Residential Treatment Centers: RTCs are long term facilities that focus on individual treatment. They include positive peer culture, behavior modification programming, and helping youth develop healthy coping mechanisms. Many have specific targeted populations, such as kids with histories of substance abuse or issues with mental health. They are often considered medium security, and the average stay is often six months to a year.

Long-term Secure Facilities: Long term facilities are strict secure conferment. These include training schools, reformatories, and juvenile correctional facilities. These facilities are often reserved for youth who have committed serious offenses. They are similar to adult prisons but operate under a different philosophy. For example, incarcerated youth are still required to attend school, which is within the facility.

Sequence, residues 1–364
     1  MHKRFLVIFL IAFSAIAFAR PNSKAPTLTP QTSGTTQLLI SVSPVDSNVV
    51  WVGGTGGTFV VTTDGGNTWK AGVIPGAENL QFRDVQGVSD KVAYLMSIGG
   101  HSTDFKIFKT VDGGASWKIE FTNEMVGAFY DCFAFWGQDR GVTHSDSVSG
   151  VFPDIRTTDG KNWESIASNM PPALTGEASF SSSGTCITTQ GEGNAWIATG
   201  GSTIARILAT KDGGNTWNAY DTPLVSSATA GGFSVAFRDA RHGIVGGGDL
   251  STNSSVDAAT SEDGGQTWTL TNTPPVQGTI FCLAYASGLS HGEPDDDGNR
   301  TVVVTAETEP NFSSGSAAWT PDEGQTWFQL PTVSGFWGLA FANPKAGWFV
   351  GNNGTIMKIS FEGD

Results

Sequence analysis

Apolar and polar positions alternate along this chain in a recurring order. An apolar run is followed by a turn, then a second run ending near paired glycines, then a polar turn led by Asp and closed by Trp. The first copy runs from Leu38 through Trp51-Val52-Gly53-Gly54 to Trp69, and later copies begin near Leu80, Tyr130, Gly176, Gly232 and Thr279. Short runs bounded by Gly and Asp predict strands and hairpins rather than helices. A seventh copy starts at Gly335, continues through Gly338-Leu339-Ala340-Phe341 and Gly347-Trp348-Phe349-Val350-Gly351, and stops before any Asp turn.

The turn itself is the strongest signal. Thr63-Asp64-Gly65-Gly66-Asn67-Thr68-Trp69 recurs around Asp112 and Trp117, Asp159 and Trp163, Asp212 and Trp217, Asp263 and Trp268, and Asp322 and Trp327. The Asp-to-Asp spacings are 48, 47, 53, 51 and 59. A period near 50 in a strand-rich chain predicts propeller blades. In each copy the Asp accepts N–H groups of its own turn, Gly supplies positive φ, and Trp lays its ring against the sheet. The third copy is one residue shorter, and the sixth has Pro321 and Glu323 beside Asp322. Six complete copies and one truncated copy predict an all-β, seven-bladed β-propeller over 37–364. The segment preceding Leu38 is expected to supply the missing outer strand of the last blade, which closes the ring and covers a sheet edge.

Disproportionate Minority Contact: Considerable research on disproportionate minority contact has been conducted over the past three decades. Disproportionate minority contact (DMC) “occurs when the proportion of youth of color who pass through the juvenile justice system exceeds the proportion of youth of color in the general population.” [1] It can be assessed at every stage of the juvenile justice system, from arrest to adjudication. Research shows minority youth are over-represented in arrests, sentencing, waiver, and secure placement. States receiving federal grant money are required to address DMC  “regardless of whether those disparities were motivated by intentional discrimination or justified by ‘legitimate’ agency interests.” [2]

In the News: The Prison Pipeline

6-year-old Zachery Christy, a first grader in Newark Delaware, was suspended for 45 days for bringing a spork to school. The camping utensil, which contains a spoon, fork, knife, and bottle opener was a gift for Cubs Scouts. The first grader brought the camping utensil to school although the “dangerous weapon” violated zero tolerance rules at the school.